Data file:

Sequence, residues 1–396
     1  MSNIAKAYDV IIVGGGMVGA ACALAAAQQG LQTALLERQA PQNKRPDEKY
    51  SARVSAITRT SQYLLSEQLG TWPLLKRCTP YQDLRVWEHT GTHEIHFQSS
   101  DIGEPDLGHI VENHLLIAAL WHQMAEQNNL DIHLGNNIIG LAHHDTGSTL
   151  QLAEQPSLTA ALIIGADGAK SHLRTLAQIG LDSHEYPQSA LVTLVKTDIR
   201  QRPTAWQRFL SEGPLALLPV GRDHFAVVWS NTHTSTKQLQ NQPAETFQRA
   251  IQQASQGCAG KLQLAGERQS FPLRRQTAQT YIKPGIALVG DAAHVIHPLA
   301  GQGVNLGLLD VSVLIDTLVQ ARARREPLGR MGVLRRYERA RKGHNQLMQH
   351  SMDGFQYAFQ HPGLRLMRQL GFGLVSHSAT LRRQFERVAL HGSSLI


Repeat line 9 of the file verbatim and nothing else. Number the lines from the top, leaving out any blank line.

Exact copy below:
   351  SMDGFQYAFQ HPGLRLMRQL GFGLVSHSAT LRRQFERVAL HGSSLI